Senator Pat Roberts (R) was originally a shoo in for reelection but Kansas Republicans have faced a backlash. Kansas' Republicans are divided between a conservative and moderate wing and Gov. Sam Brownback (R) offended the moderate wing. He's down in the polls and appears so desperate that he released an ad attacking his opponent for going to a strip club. The unpopularity of Republicans seems to be hurting Roberts, who also is under fire for claiming his Kansas home was a laz-boy place. Also, Greg Orman (I) is an Independent candidate and former Democrat who persuaded Chad Taylor (D) to drop out of the race (even though the Secretary of State found the relative of a Republican campaign staffer to sue Taylor,) and Orman is ahead in every single poll but one since August and led in a Marist poll by 10, shifting this race to Lean Independent. Roberts does not appear to be recovering so Orman should be able to win this. Orman though has stated he will caucus with whatever party is in the majority. If he is a tiebreaker though, history suggests he will go with the Democrats because of his views and the fact that the Democrat dropped out of the race.
This seat has bounced back between Tilt R, Tilt D and Tossup but if the election were held today, the Republican would have a very minor edge but not quite enough for Tilt R (thanks to a poll from Suffolk which does not have a Democratic bias showing Pryor leading by 2 points). Pryor is from a political family and in 2008 faced no opposition. Arkansas has changed as Republican gained all congressional seats and the Legislature. In February, Obamacare was extremely unpopular and Pryor was being tied to it. In July though, Pryor seems to have regained his footing. While Arkansas may vote Republican nationally (supporting Romney with 61%,) it is open to voting for Democrats locally if those Democrats connect with the voters. Pryor's style is folksy and resembles Arkansas while Cotton went to Harvard and may appear too wooden and East Coast for Arkansas. Also, Pryor has been campaigning on a minimum wage increase, an important issue in Arkansas which will be on the ballot this year. Cotton got into hot water on income inequality issues by recently comparing food stamp recipients to drug addicts and voting against farm bill funding and the only pediatric hospital in Arkansas. While Arkansas is socially conservative, many voters here agree with Democrats on economic issues.
Iowa: Longtime Senator Tom Harkin (D) is retiring and Rep. Bruce Braley (D) is running against Joni Ernst (R). Ernst is most famous for being 2014's version of Sue Lowden (she was a Nevada Senatorial candidate suggesting that people should trade chickens for healthcare,) and ran an ad about castrating pigs. However, in the last few weeks, polls have shifted and shown Ernst has taken a narrow lead. There is no explanation for the leading shifting suddenly to Ernst after polls in August and early September showed Braley leading. In the first week of October though, three polls have been released, one showing Ernst ahead by two, one showing them tied and another showing Braley leading by one point. This shows the race as basically a complete tie. It may shift toward Braley. Democrats have booked extra airtime for late October so it is possible Braley might pull a Joe Sestak and start spending heavily in the very end and win over voters (but hopefully unlike Sestak, Braley will win). Also, the polls showing Braley behind show the undecideds and Democratic leaning voters, suggesting that Braley may need to consolidate his base. One way to do that is add a more personal tone to his ads and his newest ad on bipartisanship does that to an extent. Also, Democrats are underpolled in Iowa. The RCP final average had Obama winning by two points and he won by six.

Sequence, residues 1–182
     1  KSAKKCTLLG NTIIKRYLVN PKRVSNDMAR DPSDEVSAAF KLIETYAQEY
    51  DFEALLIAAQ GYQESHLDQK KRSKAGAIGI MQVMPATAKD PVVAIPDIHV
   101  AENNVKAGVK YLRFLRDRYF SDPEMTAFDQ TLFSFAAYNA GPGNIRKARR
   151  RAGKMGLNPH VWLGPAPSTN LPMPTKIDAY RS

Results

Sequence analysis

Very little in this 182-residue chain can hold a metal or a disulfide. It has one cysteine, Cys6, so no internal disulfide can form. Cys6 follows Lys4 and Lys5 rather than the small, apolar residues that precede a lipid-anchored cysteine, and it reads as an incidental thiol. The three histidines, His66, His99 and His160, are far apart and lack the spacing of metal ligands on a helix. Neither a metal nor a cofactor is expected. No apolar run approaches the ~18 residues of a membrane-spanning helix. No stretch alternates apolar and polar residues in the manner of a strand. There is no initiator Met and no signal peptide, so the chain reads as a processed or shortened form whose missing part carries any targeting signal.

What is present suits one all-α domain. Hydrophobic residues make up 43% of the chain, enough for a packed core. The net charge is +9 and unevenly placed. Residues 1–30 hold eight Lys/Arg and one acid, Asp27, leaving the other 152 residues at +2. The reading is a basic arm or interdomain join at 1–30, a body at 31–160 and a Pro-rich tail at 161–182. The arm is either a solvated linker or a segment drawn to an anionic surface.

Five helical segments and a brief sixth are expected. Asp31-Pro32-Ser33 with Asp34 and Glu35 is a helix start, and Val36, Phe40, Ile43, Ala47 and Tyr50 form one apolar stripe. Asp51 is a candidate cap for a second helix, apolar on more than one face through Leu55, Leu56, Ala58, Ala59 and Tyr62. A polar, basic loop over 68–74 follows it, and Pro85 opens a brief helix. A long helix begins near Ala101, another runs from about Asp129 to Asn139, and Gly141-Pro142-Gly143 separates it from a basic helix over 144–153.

Senator Landrieu (D) may be from a political family (her brother Mitch is mayor of New Orleans) and has survived close elections in 2002 and 2008 but this may be her last year. Polling shows this race to be close. One potential negative for Landrieu is the jungle primary system. All candidates run in one election on election day and if no one gets 50%, there is a runoff in December. While conventional wisdom suggests runoffs have lower turnout rates, especially for Dems, turnout during the 2002 Senate runoff where Landrieu was expected to lose (she won) was only down by 1%. Also, Landrieu is running close because she is supported by voters who support Republicans nationally but personally like Landrieu and her moderate views. Landrieu though does have support from oil companies which are powerful in Louisiana and could help her campaign immensely. What is keeping Landrieu in the running though is that her opponent, Rep. Bill Cassidy (R) has made a few stumbles on the campaign trail.
Sen. Mark Begich (D) is running a strong campaign as a moderate in a state President Obama lost by 13 points. In order to win, Begich needs a strong margin among Native American voters who generally have low turnout rates as well as keeping his strength in the Anchorage area (he's a former mayor). Dan Sullivan (R) has been leading a few polls however. Alaska seems to have a problem of having polls that underestimate Republicans at a first glance. This helped Stevens in 2008 and Murkowski in 2004. What the difference in those races were that they favored incumbents. Alaska seems to have support for incumbents and one fact analysts tend to forget was that in 2010, Joe Miller (R) was in the lead but Lisa Murkowski (R) came from behind in the general election to win, even though Miller was more conservative than her. Also, President Obama lost Alaska in 2012 by only 13 points, (he lost 2008 by 20) and polls were predicting a loss closer to 20 points. This suggests that Alaska's underpolling favors incumbents, not necessarily Republicans but since most Alaska incumbents are Republicans, the underpolling favors them. Also, Native Americans in Alaska usually favor Republicans and they are hard to poll but Begich has worked aggressively to court them so there is a strong likelihood they will support him. Remember, if a Democrat seems to be tying Murkowski in the polls in 2016, the chances of Democrats winning it are very small because Alaska polls underestimate incumbents. Still, Sullivan's lead puts this race in the Tilt R category for now.